Amid a protracted economic downturn and the effects of the coronavirus pandemic Calgary city council is deliberating where and how to make budget adjustments in the middle of the city’s four-year budget cycle.
And they’re starting with listening to Calgarians.
About 70 people signed up to provide presentations over the phone to council on Monday.
On Nov. 9, city officials provided council with a recommended package of adjustments. Administration found $90 million in savings for the city through base budget efficiencies and SAVE program ideas.
That would result in a zero rate increase for all residential properties and an overall decrease of non-residential property taxes of 0.55 per cent.
But because of the sub-categories of properties, different taxpayers will face different changes.
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Single-family homes could see that zero per cent change in municipal taxes. But because of increased assessment value, high-rise multi-residential buildings could see more than a 12 per cent rate increase.
Similarly with non-residential, the pandemic’s hit on travel also hit hotel values, with those properties seeing an average of 31.2 per cent reduction in value, resulting in a possible 27 per cent drop in municipal taxes.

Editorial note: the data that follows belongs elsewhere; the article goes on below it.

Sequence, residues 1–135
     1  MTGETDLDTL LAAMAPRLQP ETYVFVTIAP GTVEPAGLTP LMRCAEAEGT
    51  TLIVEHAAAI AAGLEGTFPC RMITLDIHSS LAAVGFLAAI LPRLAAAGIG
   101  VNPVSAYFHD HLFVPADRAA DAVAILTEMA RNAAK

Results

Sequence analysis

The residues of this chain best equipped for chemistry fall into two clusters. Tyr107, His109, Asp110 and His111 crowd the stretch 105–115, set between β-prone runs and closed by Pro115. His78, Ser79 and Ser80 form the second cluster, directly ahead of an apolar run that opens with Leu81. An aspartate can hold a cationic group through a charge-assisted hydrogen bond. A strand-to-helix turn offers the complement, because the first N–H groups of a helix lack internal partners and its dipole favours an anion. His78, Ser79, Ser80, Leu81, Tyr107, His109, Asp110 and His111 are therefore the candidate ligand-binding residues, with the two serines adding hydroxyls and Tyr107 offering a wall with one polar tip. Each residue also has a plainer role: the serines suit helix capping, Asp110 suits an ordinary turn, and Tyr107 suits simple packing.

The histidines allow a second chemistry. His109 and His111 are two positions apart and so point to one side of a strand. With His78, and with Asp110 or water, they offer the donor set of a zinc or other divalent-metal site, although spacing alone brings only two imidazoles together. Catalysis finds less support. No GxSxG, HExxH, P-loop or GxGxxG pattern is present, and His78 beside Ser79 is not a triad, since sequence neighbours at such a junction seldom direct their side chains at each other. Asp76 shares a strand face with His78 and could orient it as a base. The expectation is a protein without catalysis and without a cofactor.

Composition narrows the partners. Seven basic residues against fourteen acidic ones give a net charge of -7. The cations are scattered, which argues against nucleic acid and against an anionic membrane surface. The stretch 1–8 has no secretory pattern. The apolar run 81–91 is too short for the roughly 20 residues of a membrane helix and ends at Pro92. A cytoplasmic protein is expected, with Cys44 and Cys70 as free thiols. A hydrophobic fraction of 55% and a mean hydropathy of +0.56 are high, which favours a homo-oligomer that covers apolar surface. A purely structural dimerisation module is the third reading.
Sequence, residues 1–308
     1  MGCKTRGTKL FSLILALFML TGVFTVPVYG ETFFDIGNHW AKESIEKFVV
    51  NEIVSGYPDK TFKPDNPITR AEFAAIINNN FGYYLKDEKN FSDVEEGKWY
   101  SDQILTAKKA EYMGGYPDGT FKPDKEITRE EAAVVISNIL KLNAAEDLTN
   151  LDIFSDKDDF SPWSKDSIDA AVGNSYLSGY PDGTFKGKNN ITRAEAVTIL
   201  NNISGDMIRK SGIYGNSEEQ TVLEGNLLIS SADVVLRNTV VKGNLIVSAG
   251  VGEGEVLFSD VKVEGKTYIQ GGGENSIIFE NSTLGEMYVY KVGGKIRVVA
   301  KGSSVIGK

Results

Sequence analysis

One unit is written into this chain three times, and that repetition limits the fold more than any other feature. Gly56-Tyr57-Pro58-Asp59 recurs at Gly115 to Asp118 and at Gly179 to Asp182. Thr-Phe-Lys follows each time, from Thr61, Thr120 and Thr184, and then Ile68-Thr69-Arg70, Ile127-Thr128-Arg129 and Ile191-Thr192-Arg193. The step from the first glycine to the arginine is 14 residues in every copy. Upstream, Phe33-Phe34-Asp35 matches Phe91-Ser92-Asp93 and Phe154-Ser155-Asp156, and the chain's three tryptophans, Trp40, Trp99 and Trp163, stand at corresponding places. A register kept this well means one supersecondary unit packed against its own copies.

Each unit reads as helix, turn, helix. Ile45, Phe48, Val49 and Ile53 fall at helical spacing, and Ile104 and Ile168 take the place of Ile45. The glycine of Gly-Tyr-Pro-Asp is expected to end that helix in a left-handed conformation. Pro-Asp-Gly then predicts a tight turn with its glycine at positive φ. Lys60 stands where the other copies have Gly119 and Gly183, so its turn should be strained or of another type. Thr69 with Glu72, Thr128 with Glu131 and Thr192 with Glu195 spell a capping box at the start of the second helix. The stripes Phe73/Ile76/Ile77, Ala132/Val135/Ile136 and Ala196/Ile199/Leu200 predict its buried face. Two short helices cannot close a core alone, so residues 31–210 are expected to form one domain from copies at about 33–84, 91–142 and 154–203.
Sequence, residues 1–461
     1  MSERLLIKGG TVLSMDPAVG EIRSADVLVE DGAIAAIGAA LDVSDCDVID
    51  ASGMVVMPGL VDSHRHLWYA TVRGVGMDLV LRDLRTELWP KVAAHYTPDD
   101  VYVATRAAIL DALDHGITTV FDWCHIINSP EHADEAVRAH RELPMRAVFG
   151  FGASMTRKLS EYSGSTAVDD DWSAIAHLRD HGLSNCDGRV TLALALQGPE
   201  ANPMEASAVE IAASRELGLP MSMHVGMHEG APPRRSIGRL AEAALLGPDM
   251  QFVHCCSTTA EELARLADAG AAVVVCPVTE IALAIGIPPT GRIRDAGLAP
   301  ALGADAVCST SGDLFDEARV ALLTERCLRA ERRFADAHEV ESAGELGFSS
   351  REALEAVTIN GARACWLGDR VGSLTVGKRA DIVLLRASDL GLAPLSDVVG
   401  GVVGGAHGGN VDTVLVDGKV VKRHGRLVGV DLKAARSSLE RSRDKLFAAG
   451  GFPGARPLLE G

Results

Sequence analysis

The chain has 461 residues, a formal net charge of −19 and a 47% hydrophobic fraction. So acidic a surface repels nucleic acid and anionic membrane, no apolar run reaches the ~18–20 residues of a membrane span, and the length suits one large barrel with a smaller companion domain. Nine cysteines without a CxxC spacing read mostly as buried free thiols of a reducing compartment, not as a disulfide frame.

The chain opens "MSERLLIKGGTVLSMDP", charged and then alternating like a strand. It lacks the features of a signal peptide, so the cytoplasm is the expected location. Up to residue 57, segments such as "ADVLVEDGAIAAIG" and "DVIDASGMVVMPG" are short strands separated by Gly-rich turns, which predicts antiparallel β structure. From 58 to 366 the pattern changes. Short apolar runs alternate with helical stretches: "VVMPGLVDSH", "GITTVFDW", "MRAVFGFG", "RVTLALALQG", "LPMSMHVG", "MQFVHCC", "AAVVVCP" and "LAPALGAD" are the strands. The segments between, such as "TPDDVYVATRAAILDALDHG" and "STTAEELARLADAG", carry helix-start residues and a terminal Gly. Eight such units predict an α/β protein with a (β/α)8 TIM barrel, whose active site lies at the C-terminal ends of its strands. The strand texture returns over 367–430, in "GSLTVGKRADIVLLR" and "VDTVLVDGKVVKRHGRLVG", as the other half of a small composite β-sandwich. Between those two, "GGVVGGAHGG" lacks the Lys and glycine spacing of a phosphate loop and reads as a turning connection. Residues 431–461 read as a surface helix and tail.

Large-format industrial warehouses saw an average double-digit increase in value, and could face a more than 20 per cent increase in municipal taxes.
Also at issue is changes to the Calgary Police Service’s budget.
On Nov. 6, the Calgary Police Commission published its budget submissions to council, recommending a $40-million reduction in their budget — $20 million the service would absorb in COVID-19-related impacts, $10 million to eliminate 60 positions that were planned to be created in 2021, and $10 million that will be relocated to explore “alternative call response models.”
That last item would have $8 million of CPS budget “to working with partners to explore models of system integration involving health, social services, justice and police.”
In early September, CPS chief Mark Neufeld, alongside commission chair Bonita Croft, said police officers “may not be the best responders for various types of calls involving mental health and addictions,” committing to reallocating funds from the CPS budget.
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On Nov. 3, council passed a notice of motion to have administration bring forward data to explore two $10-million budget reallocations in the 2021 and 2022 budget years.
Each city department will be able to address council regarding adjustments after public submissions, with CPS expected to present on Wednesday morning.
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